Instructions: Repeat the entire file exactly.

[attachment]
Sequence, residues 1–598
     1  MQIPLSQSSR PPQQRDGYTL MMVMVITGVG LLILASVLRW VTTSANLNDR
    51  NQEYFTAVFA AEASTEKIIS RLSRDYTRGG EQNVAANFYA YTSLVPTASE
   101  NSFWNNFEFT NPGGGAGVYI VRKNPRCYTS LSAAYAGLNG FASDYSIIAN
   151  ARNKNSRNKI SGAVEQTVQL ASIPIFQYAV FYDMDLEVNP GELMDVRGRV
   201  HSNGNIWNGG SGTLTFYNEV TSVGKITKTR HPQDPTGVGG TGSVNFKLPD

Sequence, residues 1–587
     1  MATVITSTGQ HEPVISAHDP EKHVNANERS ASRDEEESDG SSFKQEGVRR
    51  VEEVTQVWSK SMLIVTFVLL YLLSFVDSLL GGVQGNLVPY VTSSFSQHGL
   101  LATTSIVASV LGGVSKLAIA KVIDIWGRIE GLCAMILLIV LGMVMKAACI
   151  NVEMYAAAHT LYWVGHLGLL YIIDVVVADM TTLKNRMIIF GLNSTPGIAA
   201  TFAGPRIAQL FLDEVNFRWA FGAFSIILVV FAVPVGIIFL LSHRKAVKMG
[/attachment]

Sequence, residues 1–598
     1  MQIPLSQSSR PPQQRDGYTL MMVMVITGVG LLILASVLRW VTTSANLNDR
    51  NQEYFTAVFA AEASTEKIIS RLSRDYTRGG EQNVAANFYA YTSLVPTASE
   101  NSFWNNFEFT NPGGGAGVYI VRKNPRCYTS LSAAYAGLNG FASDYSIIAN
   151  ARNKNSRNKI SGAVEQTVQL ASIPIFQYAV FYDMDLEVNP GELMDVRGRV
   201  HSNGNIWNGG SGTLTFYNEV TSVGKITKTR HPQDPTGVGG TGSVNFKLPD

Sequence, residues 1–587
     1  MATVITSTGQ HEPVISAHDP EKHVNANERS ASRDEEESDG SSFKQEGVRR
    51  VEEVTQVWSK SMLIVTFVLL YLLSFVDSLL GGVQGNLVPY VTSSFSQHGL
   101  LATTSIVASV LGGVSKLAIA KVIDIWGRIE GLCAMILLIV LGMVMKAACI
   151  NVEMYAAAHT LYWVGHLGLL YIIDVVVADM TTLKNRMIIF GLNSTPGIAA
   201  TFAGPRIAQL FLDEVNFRWA FGAFSIILVV FAVPVGIIFL LSHRKAVKMG